Founded in 1768 on the site of the ancient town of Nirun-Kot by Ghulam Shah Kalhora, the saintly ruler of Sindh, it was named after the prophet Mohammed's son-in-law, Ali, also known as Haidar. It remained the capital of Sindh under the Talpur rulers who succeeded the Kalhoras till 1843 when, after the nearby battles of Miani and Dabo, it surrendered to the British, the capital was then transferred to Karachi.
Incorporated as a municipality in 1853, it is an important commercial and industrial center. Its economic activities include textile, sugar, cement, and hosiery mills, manufacturing of glass, soap, ice, paper, and plastics. There are hide tanneries and sawmills. Ornamented silks, silver-work, gold-work and lacquer ware are also some of its exclusive products. Noteworthy antiquities include the tombs of the Kalhora and Talpur ruler, palaces of the former amirs of Sindh. Newly developed settlements and industrial estates surround the congested old city area. A noteworthy characteristic of this city is badgirs (wind-catchers) fixed to housetops to catch sea breezes during the hot summer season. A hospital, municipal gardens, zoo, sports stadium, and several literary societies are in the city. The University of Sindh with 32 affiliated colleges was founded in 1947 in Karachi and moved to Hyderabad in 1951, where it lies across the Indus. Other education needs are served by numerous government colleges, the Liaquat Medical College and specialized vocational institutions.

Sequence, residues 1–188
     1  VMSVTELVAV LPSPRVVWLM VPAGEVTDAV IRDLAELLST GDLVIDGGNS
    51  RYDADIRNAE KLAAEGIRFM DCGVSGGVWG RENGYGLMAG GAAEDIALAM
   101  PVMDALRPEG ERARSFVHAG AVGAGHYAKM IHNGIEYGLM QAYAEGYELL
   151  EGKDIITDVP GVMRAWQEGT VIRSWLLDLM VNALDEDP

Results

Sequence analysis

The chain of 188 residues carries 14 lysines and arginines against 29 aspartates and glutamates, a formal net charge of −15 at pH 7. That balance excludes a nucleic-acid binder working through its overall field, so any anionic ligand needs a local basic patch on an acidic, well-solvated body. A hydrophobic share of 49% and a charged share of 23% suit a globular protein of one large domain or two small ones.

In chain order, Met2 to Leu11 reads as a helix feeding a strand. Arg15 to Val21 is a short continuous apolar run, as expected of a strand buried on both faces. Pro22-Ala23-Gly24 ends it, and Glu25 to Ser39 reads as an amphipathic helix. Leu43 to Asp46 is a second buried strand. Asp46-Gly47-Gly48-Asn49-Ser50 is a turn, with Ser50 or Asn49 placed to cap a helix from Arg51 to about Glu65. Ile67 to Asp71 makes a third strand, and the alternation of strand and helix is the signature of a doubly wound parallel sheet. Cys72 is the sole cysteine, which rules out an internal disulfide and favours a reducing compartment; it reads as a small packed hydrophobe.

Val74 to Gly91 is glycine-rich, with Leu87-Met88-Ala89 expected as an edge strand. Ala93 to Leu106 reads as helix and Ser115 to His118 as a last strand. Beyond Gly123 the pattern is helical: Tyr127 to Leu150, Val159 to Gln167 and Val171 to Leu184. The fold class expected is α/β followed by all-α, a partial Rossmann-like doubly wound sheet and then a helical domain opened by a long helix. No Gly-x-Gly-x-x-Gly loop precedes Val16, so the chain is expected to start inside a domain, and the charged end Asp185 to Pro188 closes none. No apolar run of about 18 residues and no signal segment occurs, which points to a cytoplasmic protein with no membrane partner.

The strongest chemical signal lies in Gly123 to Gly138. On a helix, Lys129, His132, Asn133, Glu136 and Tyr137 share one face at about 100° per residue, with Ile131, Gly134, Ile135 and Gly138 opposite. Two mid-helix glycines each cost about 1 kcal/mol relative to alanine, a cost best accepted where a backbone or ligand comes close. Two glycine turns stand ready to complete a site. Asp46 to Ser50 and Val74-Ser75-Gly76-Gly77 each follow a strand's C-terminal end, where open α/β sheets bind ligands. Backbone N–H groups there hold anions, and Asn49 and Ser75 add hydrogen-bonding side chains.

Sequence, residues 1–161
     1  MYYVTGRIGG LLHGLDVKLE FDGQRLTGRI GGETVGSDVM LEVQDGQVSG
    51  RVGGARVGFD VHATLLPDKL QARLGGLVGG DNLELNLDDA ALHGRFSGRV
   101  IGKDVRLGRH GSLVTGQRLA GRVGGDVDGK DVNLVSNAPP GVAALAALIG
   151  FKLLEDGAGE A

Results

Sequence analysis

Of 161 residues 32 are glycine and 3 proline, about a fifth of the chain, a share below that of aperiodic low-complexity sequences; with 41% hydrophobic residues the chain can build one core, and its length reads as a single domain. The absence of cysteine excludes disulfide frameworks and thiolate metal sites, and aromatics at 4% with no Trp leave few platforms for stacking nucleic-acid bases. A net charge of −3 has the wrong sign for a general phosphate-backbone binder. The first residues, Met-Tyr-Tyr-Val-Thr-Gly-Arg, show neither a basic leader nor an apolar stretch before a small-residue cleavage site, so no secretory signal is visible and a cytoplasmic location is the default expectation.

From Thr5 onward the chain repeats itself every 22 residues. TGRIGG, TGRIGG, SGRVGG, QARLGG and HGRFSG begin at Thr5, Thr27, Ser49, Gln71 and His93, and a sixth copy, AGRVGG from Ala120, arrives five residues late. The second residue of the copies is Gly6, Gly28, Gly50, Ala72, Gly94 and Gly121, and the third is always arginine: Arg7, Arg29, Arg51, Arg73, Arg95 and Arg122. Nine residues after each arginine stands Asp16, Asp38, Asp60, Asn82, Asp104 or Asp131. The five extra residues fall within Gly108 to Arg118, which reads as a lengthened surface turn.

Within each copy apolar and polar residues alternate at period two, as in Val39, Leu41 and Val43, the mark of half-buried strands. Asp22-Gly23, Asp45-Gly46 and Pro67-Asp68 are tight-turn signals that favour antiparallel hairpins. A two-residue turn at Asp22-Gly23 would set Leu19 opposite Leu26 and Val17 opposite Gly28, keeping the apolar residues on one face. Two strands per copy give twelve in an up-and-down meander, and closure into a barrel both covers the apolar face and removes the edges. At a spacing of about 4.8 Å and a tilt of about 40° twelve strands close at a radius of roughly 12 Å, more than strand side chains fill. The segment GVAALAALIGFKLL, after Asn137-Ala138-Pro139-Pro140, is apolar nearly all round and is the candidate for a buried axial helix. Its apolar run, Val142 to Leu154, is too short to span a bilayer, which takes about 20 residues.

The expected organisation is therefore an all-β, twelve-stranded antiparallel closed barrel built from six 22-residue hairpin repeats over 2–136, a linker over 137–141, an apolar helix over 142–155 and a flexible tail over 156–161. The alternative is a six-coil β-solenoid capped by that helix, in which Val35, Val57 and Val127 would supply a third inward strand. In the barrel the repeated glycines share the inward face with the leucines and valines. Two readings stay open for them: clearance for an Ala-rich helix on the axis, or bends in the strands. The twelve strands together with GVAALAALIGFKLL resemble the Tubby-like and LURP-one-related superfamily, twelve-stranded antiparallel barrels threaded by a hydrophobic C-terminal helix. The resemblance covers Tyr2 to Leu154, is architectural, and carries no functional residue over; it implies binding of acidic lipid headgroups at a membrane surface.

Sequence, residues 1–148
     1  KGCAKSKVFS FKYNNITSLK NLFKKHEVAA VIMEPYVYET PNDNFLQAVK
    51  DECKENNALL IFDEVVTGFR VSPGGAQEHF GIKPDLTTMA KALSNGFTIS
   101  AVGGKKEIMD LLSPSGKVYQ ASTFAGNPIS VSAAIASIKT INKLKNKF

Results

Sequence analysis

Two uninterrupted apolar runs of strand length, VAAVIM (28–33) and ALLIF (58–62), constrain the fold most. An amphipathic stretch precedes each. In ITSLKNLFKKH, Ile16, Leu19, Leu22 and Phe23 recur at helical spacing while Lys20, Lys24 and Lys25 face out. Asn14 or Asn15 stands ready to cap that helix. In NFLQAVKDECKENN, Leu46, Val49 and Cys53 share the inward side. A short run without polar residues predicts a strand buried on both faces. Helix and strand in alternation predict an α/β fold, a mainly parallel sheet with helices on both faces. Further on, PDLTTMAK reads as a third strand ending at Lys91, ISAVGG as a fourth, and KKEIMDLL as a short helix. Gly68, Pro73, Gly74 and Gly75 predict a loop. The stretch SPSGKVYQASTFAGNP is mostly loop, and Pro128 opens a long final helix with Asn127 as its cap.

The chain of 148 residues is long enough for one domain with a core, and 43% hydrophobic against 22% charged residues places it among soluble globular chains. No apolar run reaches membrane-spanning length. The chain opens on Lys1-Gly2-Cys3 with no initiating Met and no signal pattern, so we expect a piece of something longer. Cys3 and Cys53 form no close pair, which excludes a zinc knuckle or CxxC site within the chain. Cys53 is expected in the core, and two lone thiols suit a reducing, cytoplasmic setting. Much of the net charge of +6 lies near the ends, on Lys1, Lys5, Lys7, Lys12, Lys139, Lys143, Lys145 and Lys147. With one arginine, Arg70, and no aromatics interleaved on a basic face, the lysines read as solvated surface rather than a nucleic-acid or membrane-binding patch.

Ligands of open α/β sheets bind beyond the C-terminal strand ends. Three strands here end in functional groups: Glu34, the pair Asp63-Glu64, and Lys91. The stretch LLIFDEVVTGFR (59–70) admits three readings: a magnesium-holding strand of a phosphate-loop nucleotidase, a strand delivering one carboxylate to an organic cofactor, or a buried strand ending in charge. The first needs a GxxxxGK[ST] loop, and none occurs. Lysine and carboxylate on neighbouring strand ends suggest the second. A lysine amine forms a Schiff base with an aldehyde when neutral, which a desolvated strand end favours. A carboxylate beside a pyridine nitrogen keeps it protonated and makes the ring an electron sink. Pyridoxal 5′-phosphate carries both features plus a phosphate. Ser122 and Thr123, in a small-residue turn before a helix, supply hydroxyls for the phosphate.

Its remained the capital of the emirate of sindh until the British general Sir Charles James Napier conquered Sindh in 1843. From 1947 to 1955 Hyderabad was the capital of Sindh Province; the new capital was shifted to Hyderabad. In 1766 the Kalhora ruler constructed a fort half a square km in area and still stands today. In 1843 the British arrived and defeated the Talpurs, Completing their Conquest of Sindh.
It's also a second largest city of Sindh Province. It has over 3 Million population. The city has one of the most interesting bazaars of the country, which is known to be the longest bazaar in Asia. There are two very well arranged ethnological museums in the city One The Sindh Museum and the other the Institute of Sindhology Museum. Both museums present an excellent portrait of cultural and tribal life of Sindh. The city is transit point for the tours from Karachi to the Interior of Sindh A visit to Kalhora Monuments close to the city gate is worth a visit, Mausoleums are beautifully decorated with glazed tiles and frescos. There are also two forts from 18th & 19th Century to see here.